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Marcia Eymann Celebrates Both the Past and Present

Marcia Eymann Celebrates Both the Past and Present

Sacramento’s city historian can point you toward Gold Rush landmarks, hip new spots, and anything in between

During business hours, Marcia Eymann lives in the past, studying and celebrating Sacramento’s dynamic history. On weekends and evenings, however, she makes time to enjoy the city’s equally stimulating present—including its vivid street art and enviable culinary scene.

As far as she’s concerned, the combination of old and new makes for a perfect mix.

"Sacramento is a city that's rich in history, and this community truly embraces it,” says Eymann, who manages both the Sacramento History Museum and the Center for Sacramento History in her role as city historian. “There are so many people here who are multiple-generation Sacramentans, and there's a strong sense of heritage and community.”

Eymann always encourages visitors to experience different aspects of the state capital—ideally on foot. "The city is very walkable,” she says. “That's partly due to its lack of hills and also because of the grid, a street system that was set up in 1848. The streets run by numbers and letters, so it's really easy to get around."

It’s also easy to establish a basic understanding of the city’s formative years: “If you want to learn about Sacramento, go to the Sacramento History Museum and also go to Sutter's Fort, which is right by Midtown,” she says. “The fort was the first settlement within this region, founded in 1839. It was the beginning of what would become Sacramento. Also go to Old City Cemetery on Broadway. It's the oldest public cemetery west of the Mississippi River, and it's beautiful. It has a garden setting with raised plots and was designed to be Sacramento's first park. People from all over the world are buried there, and many of them came to Sacramento for the Gold Rush.”

Eymann enjoys strolling through Midtown, a roughly 12-by-22-square-block neighborhood that's filled with cozy cafes, sleek wine bars, and boutique shops. "It's always fun to walk around R Street—it has beautiful murals and great restaurants," she says. Along the way, stop for breakfast at Iron Horse Tavern, a cozy gastropub named for the locomotives that once roared along R Street. "They make a poached egg on hash browns that's delicious, and my husband loves their French toast."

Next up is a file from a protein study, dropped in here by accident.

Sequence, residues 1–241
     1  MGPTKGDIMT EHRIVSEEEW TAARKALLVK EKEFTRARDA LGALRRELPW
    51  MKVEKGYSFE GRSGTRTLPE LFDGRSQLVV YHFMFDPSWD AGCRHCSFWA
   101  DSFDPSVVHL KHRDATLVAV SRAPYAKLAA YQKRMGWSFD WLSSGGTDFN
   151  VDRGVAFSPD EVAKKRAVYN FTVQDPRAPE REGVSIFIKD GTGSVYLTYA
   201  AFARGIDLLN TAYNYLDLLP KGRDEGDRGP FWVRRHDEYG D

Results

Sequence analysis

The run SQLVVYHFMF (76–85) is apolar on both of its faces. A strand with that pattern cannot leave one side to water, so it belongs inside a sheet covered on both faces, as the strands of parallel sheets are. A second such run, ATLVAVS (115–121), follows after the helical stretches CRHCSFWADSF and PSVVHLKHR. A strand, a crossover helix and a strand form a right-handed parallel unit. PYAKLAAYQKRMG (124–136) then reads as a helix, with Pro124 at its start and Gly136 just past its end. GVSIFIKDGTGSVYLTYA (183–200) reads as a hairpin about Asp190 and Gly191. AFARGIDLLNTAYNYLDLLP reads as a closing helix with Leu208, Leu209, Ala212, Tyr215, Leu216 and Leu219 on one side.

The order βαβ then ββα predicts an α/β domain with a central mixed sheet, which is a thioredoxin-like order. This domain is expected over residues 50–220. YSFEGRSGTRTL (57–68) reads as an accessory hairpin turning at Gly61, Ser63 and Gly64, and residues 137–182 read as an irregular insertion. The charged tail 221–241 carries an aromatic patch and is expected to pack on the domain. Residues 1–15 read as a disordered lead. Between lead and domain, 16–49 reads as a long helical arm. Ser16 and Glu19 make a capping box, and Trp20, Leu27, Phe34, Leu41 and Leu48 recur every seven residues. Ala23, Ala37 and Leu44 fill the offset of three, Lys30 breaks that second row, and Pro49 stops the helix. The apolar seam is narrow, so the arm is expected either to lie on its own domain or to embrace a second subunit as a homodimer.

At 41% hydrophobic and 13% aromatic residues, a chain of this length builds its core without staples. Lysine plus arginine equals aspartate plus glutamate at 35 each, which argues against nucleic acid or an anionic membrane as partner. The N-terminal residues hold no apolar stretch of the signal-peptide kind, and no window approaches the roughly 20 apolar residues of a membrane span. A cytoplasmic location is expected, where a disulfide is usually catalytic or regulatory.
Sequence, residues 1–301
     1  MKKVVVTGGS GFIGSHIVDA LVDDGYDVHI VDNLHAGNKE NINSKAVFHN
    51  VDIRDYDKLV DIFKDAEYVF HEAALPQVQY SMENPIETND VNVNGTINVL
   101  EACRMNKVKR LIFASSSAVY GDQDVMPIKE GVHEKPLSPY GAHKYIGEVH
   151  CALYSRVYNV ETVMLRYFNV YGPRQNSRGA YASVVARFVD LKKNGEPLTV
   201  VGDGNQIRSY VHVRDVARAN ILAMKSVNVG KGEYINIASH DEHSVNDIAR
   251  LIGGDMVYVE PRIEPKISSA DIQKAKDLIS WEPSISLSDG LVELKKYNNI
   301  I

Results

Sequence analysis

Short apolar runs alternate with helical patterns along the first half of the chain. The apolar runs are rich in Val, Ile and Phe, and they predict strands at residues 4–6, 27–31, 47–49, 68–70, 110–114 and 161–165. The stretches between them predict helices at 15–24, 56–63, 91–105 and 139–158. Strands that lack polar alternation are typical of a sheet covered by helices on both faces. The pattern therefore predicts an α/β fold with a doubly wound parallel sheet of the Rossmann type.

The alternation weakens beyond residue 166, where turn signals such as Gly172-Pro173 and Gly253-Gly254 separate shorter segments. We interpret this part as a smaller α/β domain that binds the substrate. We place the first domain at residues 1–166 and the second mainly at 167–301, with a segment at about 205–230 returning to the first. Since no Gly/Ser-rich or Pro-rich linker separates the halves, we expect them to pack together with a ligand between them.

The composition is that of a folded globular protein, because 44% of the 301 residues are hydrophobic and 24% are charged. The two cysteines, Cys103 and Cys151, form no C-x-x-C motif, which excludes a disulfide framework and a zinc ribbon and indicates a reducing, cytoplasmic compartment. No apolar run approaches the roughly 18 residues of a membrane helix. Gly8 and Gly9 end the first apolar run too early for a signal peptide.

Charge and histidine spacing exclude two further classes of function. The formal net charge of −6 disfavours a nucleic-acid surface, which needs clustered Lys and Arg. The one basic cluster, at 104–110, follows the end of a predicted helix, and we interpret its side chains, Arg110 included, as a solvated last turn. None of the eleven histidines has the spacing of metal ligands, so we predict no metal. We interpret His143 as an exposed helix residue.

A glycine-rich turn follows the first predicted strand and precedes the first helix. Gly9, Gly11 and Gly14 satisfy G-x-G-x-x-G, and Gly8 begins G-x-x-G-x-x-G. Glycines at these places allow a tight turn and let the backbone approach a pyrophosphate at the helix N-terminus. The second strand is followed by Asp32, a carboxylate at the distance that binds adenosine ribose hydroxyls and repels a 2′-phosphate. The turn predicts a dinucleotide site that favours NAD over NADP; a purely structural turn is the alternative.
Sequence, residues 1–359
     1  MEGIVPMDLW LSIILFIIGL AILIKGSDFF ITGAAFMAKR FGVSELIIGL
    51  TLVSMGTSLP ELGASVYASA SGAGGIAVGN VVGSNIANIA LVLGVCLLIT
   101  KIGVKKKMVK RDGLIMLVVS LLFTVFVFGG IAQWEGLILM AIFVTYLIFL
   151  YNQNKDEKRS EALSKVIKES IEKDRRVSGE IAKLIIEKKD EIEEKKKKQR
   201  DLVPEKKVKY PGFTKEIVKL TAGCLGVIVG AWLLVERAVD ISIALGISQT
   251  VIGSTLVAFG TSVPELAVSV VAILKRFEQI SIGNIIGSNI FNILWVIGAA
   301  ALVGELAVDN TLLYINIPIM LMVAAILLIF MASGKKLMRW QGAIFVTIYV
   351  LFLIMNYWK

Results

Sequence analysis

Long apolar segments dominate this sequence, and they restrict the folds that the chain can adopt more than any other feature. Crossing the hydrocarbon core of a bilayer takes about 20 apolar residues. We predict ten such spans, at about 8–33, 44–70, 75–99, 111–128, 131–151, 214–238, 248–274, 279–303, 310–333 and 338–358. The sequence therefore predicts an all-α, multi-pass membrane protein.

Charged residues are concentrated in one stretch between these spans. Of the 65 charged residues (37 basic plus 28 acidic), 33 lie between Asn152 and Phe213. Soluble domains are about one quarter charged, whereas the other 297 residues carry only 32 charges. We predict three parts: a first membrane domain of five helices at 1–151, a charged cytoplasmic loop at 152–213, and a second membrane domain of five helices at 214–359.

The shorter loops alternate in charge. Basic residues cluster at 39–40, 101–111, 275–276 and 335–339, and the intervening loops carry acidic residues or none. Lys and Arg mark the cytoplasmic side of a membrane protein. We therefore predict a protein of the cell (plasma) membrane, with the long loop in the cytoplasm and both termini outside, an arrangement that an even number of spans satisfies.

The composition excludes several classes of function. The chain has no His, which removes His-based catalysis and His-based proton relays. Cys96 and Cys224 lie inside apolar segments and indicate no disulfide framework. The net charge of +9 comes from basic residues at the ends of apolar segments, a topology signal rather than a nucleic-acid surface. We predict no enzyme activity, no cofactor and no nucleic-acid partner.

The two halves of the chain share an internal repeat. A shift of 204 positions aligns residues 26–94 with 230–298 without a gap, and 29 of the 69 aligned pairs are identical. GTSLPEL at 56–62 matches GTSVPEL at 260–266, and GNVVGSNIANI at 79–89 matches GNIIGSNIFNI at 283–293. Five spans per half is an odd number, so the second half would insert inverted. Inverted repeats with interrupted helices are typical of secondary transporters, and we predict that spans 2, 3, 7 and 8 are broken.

Eymann also recommends a tour of Sacramento's "secret" neighborhood that's 25 feet below the sidewalks. "Most people don't know that Sacramento had to raise its streets and buildings because of severe flooding that took place in 1861 and 1862. As a result, Old Sacramento sits on a levee. The Sacramento History Museum's Underground Tours take you to these hidden places that you can’t see without a tour guide," she says.

The evening tour reveals a colorful version of the city's history, she says. "Sacramento was a rough-and-tumble Gold Rush city. The night tour tells the story of a tough city with lots of gambling and prostitution and not much law and order."  

To get the full Sacramento experience, Eymann suggests a farm-to-fork meal with a view of the Sacramento River. "People are always surprised by the sight of the river in Old Town. You can get a great view from the balcony at Rio City Cafe. Or go to the Delta King riverboat and get a drink and some appetizers and sit out on the ship's deck. In the evening, you can see the lights up and down the river, and it's very relaxing."

Eymann says Sacramento visitors should try these can't-miss experiences:

Special-occasion dining: The Waterboy in Midtown is my favorite for a special dinner out. It's been around since 1996, and the food is amazing. Owner/chef Rick Mahan is a strong supporter of small local farms. The menu changes with the seasons, but it's always top quality ingredients. The dining room sits on the corner of Capitol and 20th and has huge windows, so you can watch people walking by.

Best bookstore: Locals will tell you that Time Tested Books on 21st Street is the bookstore to go to. They sell new and used books and have been around since the 1980s. It's owned by people who love both the classics and newer books. They hold a lot of book signings and readings, and they also carry vinyl records.

Take a sunset cruise: One of the prettiest sunsets I've ever seen is from a boat on the Sacramento River. People don't always realize how beautiful the river is, but when you take a boat ride, you see it. Sometimes you can even see sea lions going after the salmon. Hornblower has excursion boats that go out every day from the waterfront in Old Sacramento. Their sunset cruise is very popular, and they have daytime cruises, too.

Marvel at art: The Crocker Art Museum is a must. It's the oldest art museum in the western United States. Mrs. Crocker donated the family's private collection to the city. Probably the most famous painting is Sunday Morning in the Mines by Charles Nahl, which depicts the morality and depravity of mining camp life. The museum has a room with early California paintings that shows how artists saw the American West. They're loaded with mythic imagery. I love to go into the museum's original building—it's an incredibly beautiful Victorian that was the Crockers' home.

Savor a pint: Sacramento is famous for great breweries, but Track 7 Brewing Company is a favorite. The original Curtis Park location is near the old railroad tracks—that's where it gets its name. It looks like a huge warehouse inside. They make beers in all different styles and they're always changing the flavors. Their IPAs are really popular.

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